Promising Research Area: Asian Philosophy and Embodied Cognition

One key to successful comparative philosophical research is locating an area in where there is sufficient overlap between different traditions’ approaches that each can see the other as generating relevant challenges or questions, stimulating new ways of framing issues, and so on. I would argue that the “virtue ethics” paradigm has been successful in just this way, bringing together an increasing number of Anglophone and Sinophone philosophers and philosophical projects in fruitful fashion, as judged by the interesting, explicitly work that is being generated by Anglophone scholars (including those with little prior background in Chinese and Chinese philosophy) and some Sinophone thinkers (including those with little prior background in Western philosophy).

Another possible area of overlap and mutual stimulus — though it remains to be seen whether it will generate a similar level of fruitfulness — is virtue epistemology; Michael Chien-kuo Mi and colleagues at Soochow University in Taiwan have been collaborating with Ernie Sosa of Rutgers University and some other Western-trained philosophers in this endeavor.

What I mainly wanted to call attention to here, though, is a third area. The recent APA conference featured a panel (sponsored by the APA Committee on the Status of Asian and Asian-American Philosophers and Philosophies) on “Asian/Comparative Views of the Embodied and Enactive Mind.” Drawing on Confucianism, Buddhism, and Daoism, as well as on various streams of philosophy of mind, cognitive science, and phenomenology, the panelists (Bongrae Seok, Matthew MacKenzie, and Bradley Park) made it eminently clear that there is a major area of overlap and many opportunities for mutual stimulus and learning. I was also struck by the fact that a successful NEH Summer Institute was held last summer on this topic; looking at the range of participants and faculty, it is again clear that there is a lot of room for exciting growth in this area of comparative philosophy.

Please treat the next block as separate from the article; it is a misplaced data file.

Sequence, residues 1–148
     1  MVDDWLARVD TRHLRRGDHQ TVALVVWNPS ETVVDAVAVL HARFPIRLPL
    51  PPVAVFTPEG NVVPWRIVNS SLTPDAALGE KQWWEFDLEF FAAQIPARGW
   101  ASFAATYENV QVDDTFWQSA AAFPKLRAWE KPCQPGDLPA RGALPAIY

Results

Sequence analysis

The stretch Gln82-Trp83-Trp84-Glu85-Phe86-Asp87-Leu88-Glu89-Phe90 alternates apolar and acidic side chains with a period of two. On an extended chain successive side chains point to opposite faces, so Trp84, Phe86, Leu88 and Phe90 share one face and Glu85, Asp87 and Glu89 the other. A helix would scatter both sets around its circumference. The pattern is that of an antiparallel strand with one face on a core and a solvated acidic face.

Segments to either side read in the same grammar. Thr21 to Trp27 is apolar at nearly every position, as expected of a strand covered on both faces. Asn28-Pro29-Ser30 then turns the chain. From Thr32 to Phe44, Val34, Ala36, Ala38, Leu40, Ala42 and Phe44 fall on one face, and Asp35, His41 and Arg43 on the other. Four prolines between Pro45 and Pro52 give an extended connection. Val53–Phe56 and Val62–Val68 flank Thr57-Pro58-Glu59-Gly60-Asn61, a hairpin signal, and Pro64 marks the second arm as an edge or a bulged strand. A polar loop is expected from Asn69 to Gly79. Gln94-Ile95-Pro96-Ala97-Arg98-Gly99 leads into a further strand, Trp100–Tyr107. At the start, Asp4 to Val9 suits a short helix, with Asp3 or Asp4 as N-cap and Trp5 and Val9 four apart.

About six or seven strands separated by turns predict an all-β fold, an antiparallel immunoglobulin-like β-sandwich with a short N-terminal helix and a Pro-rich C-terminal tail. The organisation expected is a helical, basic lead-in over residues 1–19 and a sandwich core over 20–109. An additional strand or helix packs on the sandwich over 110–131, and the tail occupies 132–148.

5 replies on “Promising Research Area: Asian Philosophy and Embodied Cognition”

  1. And it’s about time, too. For several months I’ve been researching a book on Buddhism as a recovery program from craving-driven and aversion-driven behavior. Most of my Buddhist sources are rooted in the Theravada Pali Canon, particularly the Sutta Pitaka and the Abhidhamma Pitaka. Every time I found an edge or a still- unexplored frontier here, I also found the next step very nearby in cognitive neuroscience, evolutionary psychology, REBT and emergentism, requiring me also to continue with an equal amount of research into these fields. What was most surprising is that almost none of the authors in these fields seem aware that Buddha laid their original groundwork, and was the first to express a number of their key concepts. This is indeed a fertile area for further exploration.